According to news reports, Faruk, a male, and Kismet, a female Bengal tiger, were brought to Six flags Discovery Kingdom in July 2014 at age ONE MONTH.  Tigers normally nurse until the age of six months and stay with their mothers two years.  Premature maternal deprivation causes physical and emotional problems in tigers.  This is a prime example of profit trumping animal welfare at Six Flags Discovery Kingdom.

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This is a Bengal tiger at Six Flags, pacing endlessly - a stereotypical behavior caused by boredom and stress in captivity.  Occasionally his pacing is interrupted by screaming people on a roller coaster right next to his enclosure.  In addition to the screaming people and the roar of the roller coaster, this normally nocturnal being listens to a loud speaker blaring right outside his enclosure all day long.  By nature, Bengal tigers are loners and avoid humans.  They have territories 40 to 70 square miles that they protect.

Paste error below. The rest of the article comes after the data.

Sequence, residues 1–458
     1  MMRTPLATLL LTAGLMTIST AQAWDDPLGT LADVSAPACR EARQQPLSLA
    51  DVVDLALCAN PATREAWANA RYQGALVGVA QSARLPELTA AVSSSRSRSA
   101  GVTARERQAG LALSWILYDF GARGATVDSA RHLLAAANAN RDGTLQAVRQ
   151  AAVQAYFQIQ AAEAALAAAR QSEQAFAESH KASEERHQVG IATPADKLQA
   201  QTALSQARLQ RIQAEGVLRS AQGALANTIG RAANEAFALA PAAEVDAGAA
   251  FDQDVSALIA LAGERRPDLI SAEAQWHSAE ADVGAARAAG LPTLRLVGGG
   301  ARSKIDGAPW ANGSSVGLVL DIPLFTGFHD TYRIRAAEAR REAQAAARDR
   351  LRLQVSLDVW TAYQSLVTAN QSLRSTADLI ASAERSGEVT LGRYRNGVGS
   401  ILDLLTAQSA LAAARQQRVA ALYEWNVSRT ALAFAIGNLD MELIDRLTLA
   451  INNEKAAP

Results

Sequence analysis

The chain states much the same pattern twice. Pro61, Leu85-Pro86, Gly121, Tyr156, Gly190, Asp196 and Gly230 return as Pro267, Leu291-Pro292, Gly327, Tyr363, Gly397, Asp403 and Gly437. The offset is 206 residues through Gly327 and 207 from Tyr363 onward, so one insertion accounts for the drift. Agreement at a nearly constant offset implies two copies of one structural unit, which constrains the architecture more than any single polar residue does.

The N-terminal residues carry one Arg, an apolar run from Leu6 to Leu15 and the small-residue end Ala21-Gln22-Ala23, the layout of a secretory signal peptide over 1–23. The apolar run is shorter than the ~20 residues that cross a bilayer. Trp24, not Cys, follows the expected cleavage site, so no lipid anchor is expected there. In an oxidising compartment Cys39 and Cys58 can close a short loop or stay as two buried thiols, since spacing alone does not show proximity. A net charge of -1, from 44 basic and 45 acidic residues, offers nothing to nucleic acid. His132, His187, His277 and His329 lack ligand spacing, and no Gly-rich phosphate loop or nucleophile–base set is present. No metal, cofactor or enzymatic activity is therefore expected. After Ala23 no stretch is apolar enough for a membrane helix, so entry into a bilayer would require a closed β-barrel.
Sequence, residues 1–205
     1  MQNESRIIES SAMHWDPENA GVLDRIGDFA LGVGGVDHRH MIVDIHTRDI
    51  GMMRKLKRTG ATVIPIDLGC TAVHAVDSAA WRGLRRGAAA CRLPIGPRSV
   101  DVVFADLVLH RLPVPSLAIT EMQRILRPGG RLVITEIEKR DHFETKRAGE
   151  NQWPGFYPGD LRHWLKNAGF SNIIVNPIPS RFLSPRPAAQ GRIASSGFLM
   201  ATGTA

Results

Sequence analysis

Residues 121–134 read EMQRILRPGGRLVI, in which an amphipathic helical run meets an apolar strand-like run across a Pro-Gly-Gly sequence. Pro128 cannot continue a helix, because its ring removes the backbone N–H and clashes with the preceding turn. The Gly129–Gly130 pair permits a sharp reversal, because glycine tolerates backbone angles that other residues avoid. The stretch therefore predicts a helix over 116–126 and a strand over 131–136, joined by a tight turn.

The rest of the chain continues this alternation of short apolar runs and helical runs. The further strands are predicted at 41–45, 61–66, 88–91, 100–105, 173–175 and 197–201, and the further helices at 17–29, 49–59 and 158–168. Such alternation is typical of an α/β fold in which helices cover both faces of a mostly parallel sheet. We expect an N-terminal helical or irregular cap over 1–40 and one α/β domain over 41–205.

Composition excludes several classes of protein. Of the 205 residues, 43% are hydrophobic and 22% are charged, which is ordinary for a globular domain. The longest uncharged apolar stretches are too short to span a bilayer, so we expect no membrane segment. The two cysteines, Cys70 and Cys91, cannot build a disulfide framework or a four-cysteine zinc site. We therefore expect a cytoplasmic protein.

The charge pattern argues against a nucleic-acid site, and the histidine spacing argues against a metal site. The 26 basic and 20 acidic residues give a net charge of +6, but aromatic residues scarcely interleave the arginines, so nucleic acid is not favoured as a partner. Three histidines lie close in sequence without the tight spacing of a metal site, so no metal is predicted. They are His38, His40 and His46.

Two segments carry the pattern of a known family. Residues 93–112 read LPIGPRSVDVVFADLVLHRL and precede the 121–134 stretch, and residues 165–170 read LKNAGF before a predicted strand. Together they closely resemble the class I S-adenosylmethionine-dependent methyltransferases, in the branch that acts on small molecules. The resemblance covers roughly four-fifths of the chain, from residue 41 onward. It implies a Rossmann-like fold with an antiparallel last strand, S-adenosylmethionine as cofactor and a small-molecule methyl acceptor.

Six Flags likes to talk about how endangered tigers are in the wild and especially how endangered white Bengal tigers are is if they are doing something to help.  All of the white Bengal tigers in captivity are descended from one single Bengal tiger and are severely inbred.  They have no conservation value whatsoever.  Nor do any other tigers at Six Flags have conservation value.  Conservation is achieved by protecting the habitat of the animals in the wild or by breeding animals for release into the wild as California condors have been.  The only purpose the tigers at Six Flags serve is for profit. 

As pitiful as this tiger's enclosure is, he is living in the lap of luxury compared to the other Six Flags tigers.  Six Flags has eight tigers, and most of them are kept in kennels where the public can't see them.